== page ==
One of the most common myths about estate planning is that, once you have signed and safely stored your estate planning documents, the job is done once and for all. In reality, there are good reasons to revise these documents at least once every decade. Once every five years is even better, especially if you are in a season of transition or change such as nearing retirement, preparing to sell a business, welcoming new children or grandchildren into the family, or blending two families through marriage, among others.
When I first meet with Wealth Management clients, frequently they have an outdated Will, perhaps put together after the birth of a first child or right before embarking on international travel. As the years and decades fly by, those old documents simply do not reflect the reality of their current life and wishes. Sometimes they are even counterproductive to their current intentions. Updating these documents is usually high on the list of recommendations I provide.
Consider updating your own estate planning documents when you experience any of the following scenarios.
1. Your situation and wishes have changed significantly since you put your estate planning documents together.
Just a few ways your situation could have changed include:
- Your current Will or Trust only references one child but now you have multiple.
- You have since married, divorced, or remarried.
- Your children are grown and need either more or less supervision with regard to their future inheritance.
- You have an heir with special needs, mental health challenges, or addiction issues.
- Your current Will or Trust names an heir who has since passed away.
Keep in mind, naming heirs is at the core of why people engage in estate planning, so if your current documents exclude someone you would like to inherit – or includes someone you do not wish to inherit, revisions to bring your documents back into alignment with your intentions should take top priority. It is also critical to review beneficiary designations on investment accounts and insurance policies to make sure they are coordinated with your estate planning documents.
2. Your prior estate planning documents were written at a time when federal estate and income tax laws were much different from today’s tax landscape.
Perhaps you engaged in estate planning back in 2011 when the federal estate tax exemption was set to revert from $5 million to back to $1 million. This is the statutory amount of wealth an individual can give to non-charitable heirs without the donor’s estate incurring federal estate tax liability. Ten years later, the tax landscape has changed significantly. Under the Tax Cuts and Jobs Act, which took effect on January 1, 2018 and sunsets on December 31, 2025, an individual today can transfer $11.58 million of personal wealth free of federal estate tax (indexed for inflation).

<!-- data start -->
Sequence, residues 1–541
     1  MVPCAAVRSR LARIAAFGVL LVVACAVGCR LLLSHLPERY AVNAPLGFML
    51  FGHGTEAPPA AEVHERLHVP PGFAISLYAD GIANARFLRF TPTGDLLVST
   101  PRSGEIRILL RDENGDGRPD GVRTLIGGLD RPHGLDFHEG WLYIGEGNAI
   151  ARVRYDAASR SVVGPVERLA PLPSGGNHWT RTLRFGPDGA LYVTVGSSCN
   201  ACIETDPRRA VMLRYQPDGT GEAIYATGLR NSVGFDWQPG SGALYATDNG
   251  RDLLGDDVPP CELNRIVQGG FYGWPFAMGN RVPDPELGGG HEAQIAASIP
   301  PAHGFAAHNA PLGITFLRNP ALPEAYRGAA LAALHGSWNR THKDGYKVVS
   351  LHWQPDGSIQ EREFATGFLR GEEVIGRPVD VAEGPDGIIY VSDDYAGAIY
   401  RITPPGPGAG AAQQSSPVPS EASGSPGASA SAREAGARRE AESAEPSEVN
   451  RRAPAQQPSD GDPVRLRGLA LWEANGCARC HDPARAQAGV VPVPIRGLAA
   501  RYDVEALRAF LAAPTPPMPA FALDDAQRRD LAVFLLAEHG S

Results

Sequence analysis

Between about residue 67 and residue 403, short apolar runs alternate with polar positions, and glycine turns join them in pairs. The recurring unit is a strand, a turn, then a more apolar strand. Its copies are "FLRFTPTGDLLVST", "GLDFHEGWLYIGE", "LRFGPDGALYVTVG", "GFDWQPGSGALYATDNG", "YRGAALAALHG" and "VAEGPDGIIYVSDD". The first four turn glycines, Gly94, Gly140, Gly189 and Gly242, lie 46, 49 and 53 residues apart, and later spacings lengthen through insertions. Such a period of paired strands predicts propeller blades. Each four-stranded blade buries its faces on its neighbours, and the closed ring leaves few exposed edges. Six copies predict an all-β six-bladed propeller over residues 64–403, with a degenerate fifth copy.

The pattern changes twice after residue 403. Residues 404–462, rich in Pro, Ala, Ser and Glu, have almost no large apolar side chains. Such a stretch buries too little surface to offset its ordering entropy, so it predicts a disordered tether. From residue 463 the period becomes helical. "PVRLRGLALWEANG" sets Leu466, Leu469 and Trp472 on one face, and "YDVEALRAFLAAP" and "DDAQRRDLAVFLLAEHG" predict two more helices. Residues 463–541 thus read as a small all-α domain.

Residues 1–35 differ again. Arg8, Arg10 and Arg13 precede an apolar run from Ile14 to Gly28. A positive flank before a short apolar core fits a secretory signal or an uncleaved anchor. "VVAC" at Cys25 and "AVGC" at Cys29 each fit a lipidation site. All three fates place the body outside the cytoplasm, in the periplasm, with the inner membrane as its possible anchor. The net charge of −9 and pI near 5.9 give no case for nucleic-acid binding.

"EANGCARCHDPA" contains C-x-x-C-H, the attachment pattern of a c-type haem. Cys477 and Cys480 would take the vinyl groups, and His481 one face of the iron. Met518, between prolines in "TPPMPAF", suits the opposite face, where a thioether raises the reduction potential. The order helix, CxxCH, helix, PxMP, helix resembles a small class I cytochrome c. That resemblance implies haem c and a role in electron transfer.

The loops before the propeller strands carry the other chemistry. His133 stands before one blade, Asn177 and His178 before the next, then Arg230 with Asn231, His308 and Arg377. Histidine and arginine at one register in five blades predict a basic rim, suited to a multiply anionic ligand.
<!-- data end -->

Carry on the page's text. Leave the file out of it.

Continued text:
You may be leaving significant tax-free bequest opportunities on the table if your Will or Trust was written when the exemption was lower, and you should strongly consider revising your documents to avail yourself of current law.
3. Your health situation is unpredictable and precarious.
If you are facing a general decline in health, have recently been diagnosed with a chronic health condition, or are in the early stages of memory loss, you should update your estate planning documents immediately while you still have testamentary capacity.
To make a valid Will or Trust, an individual must possess testamentary capacity which has two requirements: legal age and mental capacity. The age requirement is easy to demonstrate – usually age 18 – but the mental capacity requirement is more nuanced. In Iowa, a testator must understand 1) the nature of their Will or Trust document, 2) the extent of the property being given away, 3) the heirs that they wish to inherit their property, and 4) the distribution details, meaning which heirs receive which assets (20 Drake L. Rev. 369 (1970-1971)).
Engaging in estate planning for a person who lacks testamentary capacity is very difficult, which means it is extremely important that people with serious health challenges make changes sooner rather than later.
You should also give particular attention to powers of attorney documents and provisions in other estate planning documents that may give others the ability to handle your affairs in case of temporary or permanent incapacity. As life expectancy has increased, so has the importance of planning for common scenarios that can arise later in life.
If any of these scenarios apply to you, you should strongly consider revising your estate planning documents. If you’re ready to discuss revisions or have general questions about estate planning, connect with a Bankers Trust Wealth Advisor today.
Bankers Trust Company and its affiliates and their representatives do not provide tax or legal advice. This article is intended for informational purposes only and should not be construed as tax or legal advice. You should consult with your tax and legal advisors regarding your unique situation and needs.